What is “shopping”?
The funny thing about the article on shopping that I was quoted in is that the word “shopping” wasn’t defined. I think we all have a different idea of what “shopping” is. Is it an all-out blitz, a credit card frenzy? Or is it more about window shopping & weighing your options? My view of shopping leans more towards the latter — I don’t think of “shopping” as purchasing, necessarily. When I say I’m going to go shopping, what that really means is that I’m going to see what’s available. So while I may spend some time looking in stores & browsing online, that doesn’t mean I’m handing over my dosh! It can sometimes be more fun to create an incredible outfit on Polyvore than to have your eyes roll back in your head with sticker shock!
I do love to shop, though — window or otherwise. I love the challenge of it, the thrill of seeing what’s new, the way everything is merchandised, the excitement of putting things together, comparing & contrasting items, & maximising the value of the things I buy.
I’m also in the fantastic position of being able to shop as research — & regardless of what anyone might think, it’s necessary to find out what’s happening in the world of fashion. While the top tier of fashion is what’s happening on the catwalk, what it REALLY comes down to is what people are buying! How do people look in those latest styles? What do they say to their friend in the dressing room over about how they feel in the clothes? Fashion is about what happens on the street, & you only learn about that by pounding the pavement, looking in windows, & observing other people as they shop.
It is absolutely possible to be a smart, intelligent & discerning shopper these days. There is almost no reason to pay full retail for anything, & I do so extremely rarely. I don’t care about being the first off the block with the hot new pair of shoes or the “it” handbag, because I don’t have any love for trends & I can’t think of anything worse than owning the same thing as everyone else. Who wants to buy their way into a clique? Other people perhaps, but not me.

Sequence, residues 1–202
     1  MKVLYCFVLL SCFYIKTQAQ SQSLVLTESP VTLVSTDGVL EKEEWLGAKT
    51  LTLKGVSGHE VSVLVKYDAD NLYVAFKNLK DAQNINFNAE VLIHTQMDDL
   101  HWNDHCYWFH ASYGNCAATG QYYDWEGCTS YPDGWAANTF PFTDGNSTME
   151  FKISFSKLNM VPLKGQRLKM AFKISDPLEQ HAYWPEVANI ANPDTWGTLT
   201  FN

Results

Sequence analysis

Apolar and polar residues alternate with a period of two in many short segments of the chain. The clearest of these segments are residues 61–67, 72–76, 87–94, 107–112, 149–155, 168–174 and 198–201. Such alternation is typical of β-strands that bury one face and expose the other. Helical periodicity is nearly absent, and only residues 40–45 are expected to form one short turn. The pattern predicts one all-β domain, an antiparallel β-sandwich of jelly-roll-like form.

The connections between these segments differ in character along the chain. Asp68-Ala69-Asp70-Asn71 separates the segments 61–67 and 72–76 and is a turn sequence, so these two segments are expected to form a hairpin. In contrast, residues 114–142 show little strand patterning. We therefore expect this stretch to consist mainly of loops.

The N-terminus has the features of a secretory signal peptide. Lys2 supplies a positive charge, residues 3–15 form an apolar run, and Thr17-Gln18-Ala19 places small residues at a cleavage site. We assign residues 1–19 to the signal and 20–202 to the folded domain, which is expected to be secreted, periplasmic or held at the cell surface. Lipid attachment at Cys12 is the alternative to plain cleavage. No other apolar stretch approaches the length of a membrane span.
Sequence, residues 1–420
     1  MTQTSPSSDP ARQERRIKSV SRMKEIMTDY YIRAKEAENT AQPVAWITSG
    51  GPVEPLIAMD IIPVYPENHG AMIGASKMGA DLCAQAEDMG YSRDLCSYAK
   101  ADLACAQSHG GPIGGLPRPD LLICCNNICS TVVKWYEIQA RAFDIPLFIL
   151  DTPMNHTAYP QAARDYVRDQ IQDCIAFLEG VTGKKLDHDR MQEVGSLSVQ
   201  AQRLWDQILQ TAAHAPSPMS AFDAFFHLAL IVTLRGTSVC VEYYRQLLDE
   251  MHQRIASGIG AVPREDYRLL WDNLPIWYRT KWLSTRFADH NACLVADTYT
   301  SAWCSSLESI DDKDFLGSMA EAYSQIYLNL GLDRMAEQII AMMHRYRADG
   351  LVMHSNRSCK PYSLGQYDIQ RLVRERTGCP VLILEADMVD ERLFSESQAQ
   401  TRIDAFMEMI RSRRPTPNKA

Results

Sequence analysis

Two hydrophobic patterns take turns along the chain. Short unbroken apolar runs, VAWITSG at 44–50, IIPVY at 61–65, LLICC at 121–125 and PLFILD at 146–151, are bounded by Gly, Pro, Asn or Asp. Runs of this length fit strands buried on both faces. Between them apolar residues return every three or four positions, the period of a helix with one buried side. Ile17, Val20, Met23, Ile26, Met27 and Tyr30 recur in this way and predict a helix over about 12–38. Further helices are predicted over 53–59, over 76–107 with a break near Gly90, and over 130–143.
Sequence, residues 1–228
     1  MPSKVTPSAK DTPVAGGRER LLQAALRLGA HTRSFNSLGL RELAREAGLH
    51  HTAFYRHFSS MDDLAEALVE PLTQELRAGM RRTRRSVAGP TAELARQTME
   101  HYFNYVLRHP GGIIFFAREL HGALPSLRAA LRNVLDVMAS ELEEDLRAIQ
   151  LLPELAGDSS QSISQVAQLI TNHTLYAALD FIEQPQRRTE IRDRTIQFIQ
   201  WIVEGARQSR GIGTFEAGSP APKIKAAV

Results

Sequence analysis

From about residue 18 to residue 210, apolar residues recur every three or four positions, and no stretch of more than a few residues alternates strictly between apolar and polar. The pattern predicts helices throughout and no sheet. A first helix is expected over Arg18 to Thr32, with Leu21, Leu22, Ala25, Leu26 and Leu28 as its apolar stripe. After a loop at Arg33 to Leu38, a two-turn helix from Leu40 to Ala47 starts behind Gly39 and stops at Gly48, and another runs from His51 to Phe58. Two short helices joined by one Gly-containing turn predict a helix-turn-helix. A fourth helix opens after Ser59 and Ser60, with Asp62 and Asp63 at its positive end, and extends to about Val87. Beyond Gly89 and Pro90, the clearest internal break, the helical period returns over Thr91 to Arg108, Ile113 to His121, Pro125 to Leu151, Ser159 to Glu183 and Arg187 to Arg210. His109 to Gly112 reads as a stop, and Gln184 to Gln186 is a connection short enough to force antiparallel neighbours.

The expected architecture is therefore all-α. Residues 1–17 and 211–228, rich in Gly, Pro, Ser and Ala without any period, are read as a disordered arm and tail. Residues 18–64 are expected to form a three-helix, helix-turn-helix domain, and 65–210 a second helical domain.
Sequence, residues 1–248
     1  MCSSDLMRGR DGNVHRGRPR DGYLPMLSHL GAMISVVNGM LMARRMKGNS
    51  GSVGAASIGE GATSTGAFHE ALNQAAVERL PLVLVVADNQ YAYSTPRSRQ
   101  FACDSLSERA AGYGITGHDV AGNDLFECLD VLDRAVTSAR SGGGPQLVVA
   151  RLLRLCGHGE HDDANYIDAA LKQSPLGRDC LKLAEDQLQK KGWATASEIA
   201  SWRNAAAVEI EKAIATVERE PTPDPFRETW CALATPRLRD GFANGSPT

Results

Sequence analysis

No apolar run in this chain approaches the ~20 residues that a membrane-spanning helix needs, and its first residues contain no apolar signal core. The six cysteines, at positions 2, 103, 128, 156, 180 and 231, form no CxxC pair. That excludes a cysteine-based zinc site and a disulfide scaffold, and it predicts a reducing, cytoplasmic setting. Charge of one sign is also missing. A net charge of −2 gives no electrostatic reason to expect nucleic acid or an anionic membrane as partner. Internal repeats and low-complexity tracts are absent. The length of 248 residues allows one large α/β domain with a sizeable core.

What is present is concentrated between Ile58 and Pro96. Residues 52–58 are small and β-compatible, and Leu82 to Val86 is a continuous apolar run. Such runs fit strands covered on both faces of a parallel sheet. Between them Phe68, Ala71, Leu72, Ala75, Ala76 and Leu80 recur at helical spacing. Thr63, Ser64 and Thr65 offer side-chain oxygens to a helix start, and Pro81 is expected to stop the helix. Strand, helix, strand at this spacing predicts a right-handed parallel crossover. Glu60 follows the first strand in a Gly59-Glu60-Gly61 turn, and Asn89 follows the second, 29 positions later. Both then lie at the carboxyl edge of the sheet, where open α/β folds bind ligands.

Even beyond getting a bargain, the concept of shopping one’s own wardrobe, buying vintage & re-purposing what you already own is a fantastic way to get out of a sartorial rut & not feel the strain on your wallet. Way, way, waaaaay back when I started galadarling.com (2006 baby!), the reason I began doing daily outfit photos was to show people how useful it could be to document their wardrobe. You get an idea of what fits & what doesn’t, the items which suit your shape or colouring, & you realise what a treasure trove your closet already is! The idea was not to encourage you to spend like mad — a fact compounded by the fact that I had no money & couldn’t do so myself! — but to inspire people to wear their old favourites in new ways.
The site has changed since then, & I no longer find writing about fashion or style as satisfying as I once did. While I appreciate & adore clothing, writing about improving your life, learning how to be happy or the thrill of travelling is much more interesting to me these days!
Despite all this, I am still not the world’s most responsible person with money! I live in the realm of fantasy a lot (um, if you hadn’t noticed!) & previously, I have been less concerned with paying my rent than perhaps I should have been! But as I get older & more mature, I’m a little more thoughtful about where my money goes — & what my priorities are! I’m not perfect, but I’m working on it.
How much time do you spend shopping? Do you consider yourself responsible with money? Do you have a savings account? Did your parents teach you how to be smart with money or have you had to figure it out yourself? What’s the best piece of money advice you’ve ever been given?